Orange could be the new black with next year’s Triton. On show at the global reveal was a “Triton Plus” concept with orange paintwork and black alloys, grille and bumpers. Interior trim combined orange leather and grey suede. Mitsubishi is waiting for feedback before progressing but given the proliferation of black editions from various makers it’s more than likely the one-off will become reality.
PUT IT THERE, PARTNER
Mitsubishi’s ute expertise is tipped to underpin the next generation of Nissan and Renault equivalents. Mitsubishi boss Trevor Mann says it’s “highly likely” the Triton platform will be the basis for future Nissan Navaras and Renault Alaskans (not available in Australia). The trio’s alliance aims to “turbocharge” each business and deliver economies of scale. Mann says each brand will contribute its leading expertise and in Mitsubishi’s case that will be the Triton’s underpinnings. “The platform development is becoming increasingly more expensive because of the regulations in various parts of the world (on) safety and emissions,” he says. “We will be converging on platforms ... which means the next Outlander will be on the same platform as the Nissan and Renault equivalent. Everything the customer, sees, touches, experiences will be Mitsubishi.”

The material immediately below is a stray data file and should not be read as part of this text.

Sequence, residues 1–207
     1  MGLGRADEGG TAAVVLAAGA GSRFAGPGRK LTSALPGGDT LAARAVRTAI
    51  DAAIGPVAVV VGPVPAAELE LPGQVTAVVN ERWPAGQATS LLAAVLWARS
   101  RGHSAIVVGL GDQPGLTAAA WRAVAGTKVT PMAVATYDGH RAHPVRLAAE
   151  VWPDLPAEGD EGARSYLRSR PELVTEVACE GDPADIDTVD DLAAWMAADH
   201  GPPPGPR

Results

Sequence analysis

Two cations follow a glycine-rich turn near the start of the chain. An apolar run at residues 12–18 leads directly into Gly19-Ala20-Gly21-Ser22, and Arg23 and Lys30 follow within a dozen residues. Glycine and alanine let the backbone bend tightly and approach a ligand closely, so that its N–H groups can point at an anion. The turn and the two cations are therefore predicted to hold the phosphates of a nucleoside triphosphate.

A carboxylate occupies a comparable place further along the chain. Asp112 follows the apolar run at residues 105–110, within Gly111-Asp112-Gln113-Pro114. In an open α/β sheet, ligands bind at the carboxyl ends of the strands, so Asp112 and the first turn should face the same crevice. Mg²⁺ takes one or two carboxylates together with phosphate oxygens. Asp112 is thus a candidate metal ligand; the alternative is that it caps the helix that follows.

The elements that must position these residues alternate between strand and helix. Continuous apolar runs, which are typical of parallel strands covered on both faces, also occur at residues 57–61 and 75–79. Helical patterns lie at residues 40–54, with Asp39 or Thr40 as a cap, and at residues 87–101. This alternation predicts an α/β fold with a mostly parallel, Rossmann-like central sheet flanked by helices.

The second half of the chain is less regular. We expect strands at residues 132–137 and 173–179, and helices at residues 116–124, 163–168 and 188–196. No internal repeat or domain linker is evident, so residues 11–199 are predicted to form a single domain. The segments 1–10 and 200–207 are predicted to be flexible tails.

PLUG-IN UTES NEXT
The dawn of the plug-in hybrid ute is a matter of when, not if, says Mitsubishi’s product strategist. It will come in response to growing pressure to reduce emissions and the guillotine hovering over diesel cars in Europe, according to company vice-president Vincent Cobbee. He reckons increasing global regulation and “changing horizons” will bring plug-in hybrid tech — as employed in the company’s Outlander SUV — to utes. “There will be a limit to what traditional combustion engines can provide, especially because the demand for power, torque, towing will remain. If you put all of this together there is not that many technologies that can provide no range anxiety, high power, high torque and low CO2.”